When Cosmologists and Biologists Speak of God

In my religion and science class yesterday, we compared the different feelings that scientists seem to have about the appropriateness of bringing God-talk into the discussion in cosmology and in biology. Has anyone else noticed that it is relatively uncontroversial for Einstein, Hawking, Davies, Peacocke, Polkinghorne and many others to mention God in discussions of cosmology. Certainly they would disagree in their attempts to articulate what they mean by such language, but it is not felt to be inappropriate in the same way that it is in biology.

I think this has something to do with where the limits of each field is. Biology clearly runs into chemistry and physics on the one side – there is no doubt that biological organisms are composed of molecules, however one may think that came about. On the other side, the border seems to be adjacent to fields such as anthropology and psychology, which study the complex behaviors of complex organisms with complex brains. It thus seems to be expected that biology itself will be able to provide explanations more-or-less as a “closed system”, with no gaps.

Cosmology, on the one hand, runs into physics on one side, but on the other side there is a boundary with questions science cannot answer in principle. Even if future developments in cosmology remove the question “What happened before the Big Bang?” from the table, there will still be the question of why anything exists at all, rather than nothing. Cosmology, in other words, runs into philosophy and religion at its far end. Since we are dealing in this instance not with gaps in our knowledge so much as limits of our methods, it seems much less inappropriate to bring in other approaches to knowledge.

We still should ask, however, what the appropriate way is to use such language. To suggest that God is an explanation remains problematic. Positing a God who is allegedly self-explanatory is not going to be an intellectually satisfying explanation. But many of those who use the language of God in these contexts are not intending to provide a logical explanation, but to point to a mystery and find some way of talking about it in our limited, inadequate human language.

This seems to be a key difference between the relationship between religion and biology on the one hand, and religion and cosmology on the other. Scientists have been successful in filling in gaps in biology thus far, and it thus seems problematic to do research in biology under the assumption that the inexplicable will remain that way. But to speak of God in relation to cosmology is not the same sort of “God of the gaps” or “design” argument. Here we are dealing not with a gap in the current state of our knowledge, but a limit to the discipline of science itself. To speak of such things and to explore beyond them, language that is humble, symbolic and poetic will be essential tools.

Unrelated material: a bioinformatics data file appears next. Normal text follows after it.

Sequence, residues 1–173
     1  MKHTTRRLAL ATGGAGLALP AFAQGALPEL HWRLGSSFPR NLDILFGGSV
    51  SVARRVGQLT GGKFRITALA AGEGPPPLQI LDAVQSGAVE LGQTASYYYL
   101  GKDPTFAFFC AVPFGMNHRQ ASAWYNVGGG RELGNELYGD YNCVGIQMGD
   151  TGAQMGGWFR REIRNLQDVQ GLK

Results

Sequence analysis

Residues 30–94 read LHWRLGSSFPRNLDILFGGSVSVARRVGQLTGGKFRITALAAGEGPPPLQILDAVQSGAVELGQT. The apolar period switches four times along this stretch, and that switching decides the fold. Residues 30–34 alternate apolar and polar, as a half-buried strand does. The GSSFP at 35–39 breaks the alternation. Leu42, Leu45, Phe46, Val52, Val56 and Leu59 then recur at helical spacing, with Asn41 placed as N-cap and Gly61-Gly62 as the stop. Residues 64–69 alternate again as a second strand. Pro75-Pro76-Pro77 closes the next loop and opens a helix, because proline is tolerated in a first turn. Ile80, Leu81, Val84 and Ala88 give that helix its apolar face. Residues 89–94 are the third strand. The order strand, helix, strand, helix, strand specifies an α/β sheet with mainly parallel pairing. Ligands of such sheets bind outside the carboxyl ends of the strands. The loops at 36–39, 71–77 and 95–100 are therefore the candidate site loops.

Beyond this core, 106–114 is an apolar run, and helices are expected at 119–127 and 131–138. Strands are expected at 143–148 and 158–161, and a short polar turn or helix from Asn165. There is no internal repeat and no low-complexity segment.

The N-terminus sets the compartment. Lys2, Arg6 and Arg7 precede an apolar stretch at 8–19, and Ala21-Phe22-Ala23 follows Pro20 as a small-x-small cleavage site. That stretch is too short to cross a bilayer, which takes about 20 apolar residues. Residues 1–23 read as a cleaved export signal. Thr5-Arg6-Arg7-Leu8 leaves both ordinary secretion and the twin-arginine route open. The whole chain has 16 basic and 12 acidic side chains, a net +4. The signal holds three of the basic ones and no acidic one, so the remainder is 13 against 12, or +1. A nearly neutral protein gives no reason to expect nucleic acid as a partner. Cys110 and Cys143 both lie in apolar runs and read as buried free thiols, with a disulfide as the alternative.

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  • http://www.blogger.com/profile/00137148276881446616 stardust

    “a limit to the discipline of science itself” Excellent!Wouldn’t it be nice if it were the common understanding of scientists and educators. Their atheistic stand does a disservice to humanity; but then too, so does the fundamental creationists. If Intelligent Design stayed close to the cosmologists and chatted about how the universe of atoms became all things, all life, all mankind, then evolution, natural selection would fall into place.

  • Carlos

    Nicely said — I hadn’t seen the contrast between “religion and cosmology” and “religion and biology” in these terms, but I think you’re right — cosmology invites metaphysical speculation in a way that biology doesn’t. (Although the complexity and intricacy of living systems is no less an occasion for awe.) Though I’m an atheist (more or less), part of what irks me the most about “design theory” is the allergy to poetry and metaphor. The design theorists want explanations, or at any rate feed a demand for explanations. It’s been said that the explanations provided are scientifically inadequate, and that may well be. But I’m also fascinated by the demand for a literal, unambiguous, precise language. In short, design theorists are every bit as “scientistic” as the atheists they deplore.

  • http://www.blogger.com/profile/04018824090441668781 ntWrong

    On the other side, the border [of biology] seems to be adjacent to fields such as anthropology and psychology, which study the complex behaviors of complex organisms with complex brains. It thus seems to be expected that biology itself will be able to provide explanations more-or-less as a “closed system”, with no gaps.In my opinion, these sciences also have limitations beyond which they are unlikely to succeed. Human behaviour is a mystery and I expect it will remain such.Science frequently establishes a correlation of the sort, “Children of alcoholics are relatively likely to grow up to become alcoholics themselves.” And then you check into things a little further, and discover that only about 15% of the children of alcoholics actually grow up to become alcoholics. Yes, there is a statistically valid correlation. But it is nothing like a hard-and-fast rule; not even a probability.Human behaviour is simply too complex to be reduced to such simple equations. And it may yet prove to be true that there is a “free” element of the human psyche which resists all attempts at determinism, whether biological or a matter of social conditioning or whatever.If we’re going to make a distinction between “god of the gaps” reasoning and the limitations of science — I think it applies to the sciences generally, and not with respect to cosmology only.